• It's the #1 vector-born illness in the United States.  https://health2016.globalchange.gov/vectorborne-diseases

  • Climate change has made tick borne illnesses a greater risk. https://www.nytimes.com/2017/07/24/health/ticks-disease-united-states.html?mcubz=1
  • Ticks can carry many diseases (bacteria, viruses and protozoa). Some can be debilitating and quite serious. Transmission of a disease can be as short as 15 minutes after the bite. www.mdpi.com/2076-3298/4/2/37/pdf
  • People are often misdiagnosed due to symptoms mimicking other illnesses, like Chronic Fatigue Syndrome, Fibromyalgiaautoimmune diseases (MS, rheumatoid arthritis, lupus), and neuropsychiatric conditions (depression, anxiety, OCD, dementia with memory problems)
  • Illness in humans typically presents with fever, headache, fatigue, migratory pain (muscle, joint, nerve), with sleep and memory/concentration problemsIn approximately 50% of individuals, there a characteristic skin rash called erythema migrans. Half resemble a bullseye, and half a spreading, solid rash, that can be mistaken for a skin infection or spider bite.  If left untreated, the infection can spread to joints, the heart, and the nervous system.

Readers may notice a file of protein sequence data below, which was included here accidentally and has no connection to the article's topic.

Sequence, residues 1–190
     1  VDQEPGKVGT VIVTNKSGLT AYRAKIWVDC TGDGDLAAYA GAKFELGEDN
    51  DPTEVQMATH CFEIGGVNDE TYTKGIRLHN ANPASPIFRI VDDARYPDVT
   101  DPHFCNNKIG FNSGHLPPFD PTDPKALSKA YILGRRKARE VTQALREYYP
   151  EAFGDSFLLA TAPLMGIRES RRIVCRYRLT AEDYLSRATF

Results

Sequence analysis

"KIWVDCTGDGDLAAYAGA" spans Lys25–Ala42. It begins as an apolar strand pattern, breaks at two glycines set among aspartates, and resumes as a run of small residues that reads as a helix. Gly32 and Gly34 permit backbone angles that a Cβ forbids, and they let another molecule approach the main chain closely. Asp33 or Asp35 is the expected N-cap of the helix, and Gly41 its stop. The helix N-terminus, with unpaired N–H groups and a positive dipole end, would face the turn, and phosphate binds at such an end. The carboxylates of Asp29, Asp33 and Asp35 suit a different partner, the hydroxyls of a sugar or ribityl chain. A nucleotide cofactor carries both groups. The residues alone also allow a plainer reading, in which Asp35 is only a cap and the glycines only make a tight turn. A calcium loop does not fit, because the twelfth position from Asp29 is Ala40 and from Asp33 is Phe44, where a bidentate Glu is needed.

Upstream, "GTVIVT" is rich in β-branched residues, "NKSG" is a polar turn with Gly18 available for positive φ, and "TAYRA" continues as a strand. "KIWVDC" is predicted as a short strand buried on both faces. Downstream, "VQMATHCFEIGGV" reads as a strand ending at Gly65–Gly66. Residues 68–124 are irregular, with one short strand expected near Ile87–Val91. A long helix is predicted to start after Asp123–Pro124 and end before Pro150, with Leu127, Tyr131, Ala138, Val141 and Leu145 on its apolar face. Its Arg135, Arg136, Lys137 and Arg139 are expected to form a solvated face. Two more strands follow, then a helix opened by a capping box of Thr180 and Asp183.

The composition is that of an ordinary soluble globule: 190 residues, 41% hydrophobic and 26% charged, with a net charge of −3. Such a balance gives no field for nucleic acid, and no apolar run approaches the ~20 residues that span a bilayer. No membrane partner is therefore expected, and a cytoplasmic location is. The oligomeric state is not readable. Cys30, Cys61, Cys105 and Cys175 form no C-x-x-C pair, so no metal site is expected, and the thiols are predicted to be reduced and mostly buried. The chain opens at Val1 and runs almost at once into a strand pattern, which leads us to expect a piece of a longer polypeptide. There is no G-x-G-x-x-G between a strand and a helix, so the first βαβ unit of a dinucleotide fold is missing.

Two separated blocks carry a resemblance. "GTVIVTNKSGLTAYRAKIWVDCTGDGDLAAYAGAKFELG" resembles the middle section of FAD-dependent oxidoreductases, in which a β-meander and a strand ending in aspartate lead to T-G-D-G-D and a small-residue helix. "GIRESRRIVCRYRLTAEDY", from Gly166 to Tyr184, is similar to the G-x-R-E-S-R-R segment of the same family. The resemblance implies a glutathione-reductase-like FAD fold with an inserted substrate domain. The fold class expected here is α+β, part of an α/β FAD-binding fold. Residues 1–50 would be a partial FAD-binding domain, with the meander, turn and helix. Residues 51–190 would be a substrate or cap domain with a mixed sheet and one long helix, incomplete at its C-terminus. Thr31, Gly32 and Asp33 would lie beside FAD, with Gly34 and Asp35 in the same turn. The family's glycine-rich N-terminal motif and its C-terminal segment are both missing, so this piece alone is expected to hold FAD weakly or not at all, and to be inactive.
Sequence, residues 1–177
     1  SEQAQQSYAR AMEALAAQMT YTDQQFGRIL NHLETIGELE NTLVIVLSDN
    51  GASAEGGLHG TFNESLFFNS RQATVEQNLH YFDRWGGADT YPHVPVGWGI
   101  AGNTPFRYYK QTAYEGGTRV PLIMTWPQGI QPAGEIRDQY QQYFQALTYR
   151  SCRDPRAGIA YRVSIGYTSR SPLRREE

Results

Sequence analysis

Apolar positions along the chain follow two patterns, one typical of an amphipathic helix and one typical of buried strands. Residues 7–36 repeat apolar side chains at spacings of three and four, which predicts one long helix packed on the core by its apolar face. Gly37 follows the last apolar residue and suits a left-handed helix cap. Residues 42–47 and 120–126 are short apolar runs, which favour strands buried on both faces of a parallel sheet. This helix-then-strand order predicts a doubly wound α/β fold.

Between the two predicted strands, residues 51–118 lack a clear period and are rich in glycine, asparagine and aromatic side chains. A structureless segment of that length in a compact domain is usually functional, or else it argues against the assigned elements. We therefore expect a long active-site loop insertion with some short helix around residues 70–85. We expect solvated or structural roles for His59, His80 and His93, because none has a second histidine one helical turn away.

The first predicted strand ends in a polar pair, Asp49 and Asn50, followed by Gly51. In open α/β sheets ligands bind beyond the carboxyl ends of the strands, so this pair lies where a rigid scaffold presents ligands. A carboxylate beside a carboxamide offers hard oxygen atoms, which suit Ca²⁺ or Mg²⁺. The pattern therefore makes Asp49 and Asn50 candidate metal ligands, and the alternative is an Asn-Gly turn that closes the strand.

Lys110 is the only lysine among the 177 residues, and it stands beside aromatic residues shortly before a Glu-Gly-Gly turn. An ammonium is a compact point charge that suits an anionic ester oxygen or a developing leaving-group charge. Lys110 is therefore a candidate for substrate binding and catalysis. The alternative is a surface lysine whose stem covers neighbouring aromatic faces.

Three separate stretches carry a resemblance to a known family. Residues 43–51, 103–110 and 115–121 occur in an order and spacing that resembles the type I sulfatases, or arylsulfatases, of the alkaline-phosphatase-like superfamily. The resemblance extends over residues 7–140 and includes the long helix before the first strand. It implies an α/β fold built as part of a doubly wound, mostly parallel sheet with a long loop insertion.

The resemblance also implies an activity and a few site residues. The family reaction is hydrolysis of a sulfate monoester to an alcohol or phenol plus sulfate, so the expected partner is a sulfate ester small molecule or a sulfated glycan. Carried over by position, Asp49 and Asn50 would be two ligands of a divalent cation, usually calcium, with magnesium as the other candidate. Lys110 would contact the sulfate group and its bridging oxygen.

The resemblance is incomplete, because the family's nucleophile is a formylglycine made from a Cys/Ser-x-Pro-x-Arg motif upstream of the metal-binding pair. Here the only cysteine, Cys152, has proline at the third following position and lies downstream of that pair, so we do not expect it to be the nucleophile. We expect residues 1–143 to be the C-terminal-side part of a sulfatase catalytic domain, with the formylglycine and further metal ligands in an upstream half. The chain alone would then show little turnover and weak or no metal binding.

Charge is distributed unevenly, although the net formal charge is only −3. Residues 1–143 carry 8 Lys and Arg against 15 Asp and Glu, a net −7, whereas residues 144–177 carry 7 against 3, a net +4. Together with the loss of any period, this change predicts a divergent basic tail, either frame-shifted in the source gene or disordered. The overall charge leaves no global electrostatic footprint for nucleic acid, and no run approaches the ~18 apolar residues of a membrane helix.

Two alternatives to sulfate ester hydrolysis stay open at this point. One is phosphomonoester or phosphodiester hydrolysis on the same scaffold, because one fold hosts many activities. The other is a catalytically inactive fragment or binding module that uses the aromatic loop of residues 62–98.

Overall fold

Year round prevention (extra vigilant from April to September)
  • Avoidance of ticks is key: avoid high grass, wooded areas, leaf piles, leaving your golf towels or sitting on the golf course grass
  • Repellants: 20% DEET, picaridin, or IR3535 (repeat application is required and only effective on covered areas)
  • Buy Tick Repellant sprayed clothing http://www.tickencounter.org/prevention/insect_shield_your_own_clothes or spray clothing with 0.5% Permetherin (spray on shoes, sox and pants. Must  follow directions)
Clothing for additional protection
  • Light color clothing and hats to easily spot ticks
  • Long pants and taped at sox or wear permethrin sprayed gators
  • Long sleeve shirts and tucked in at waistline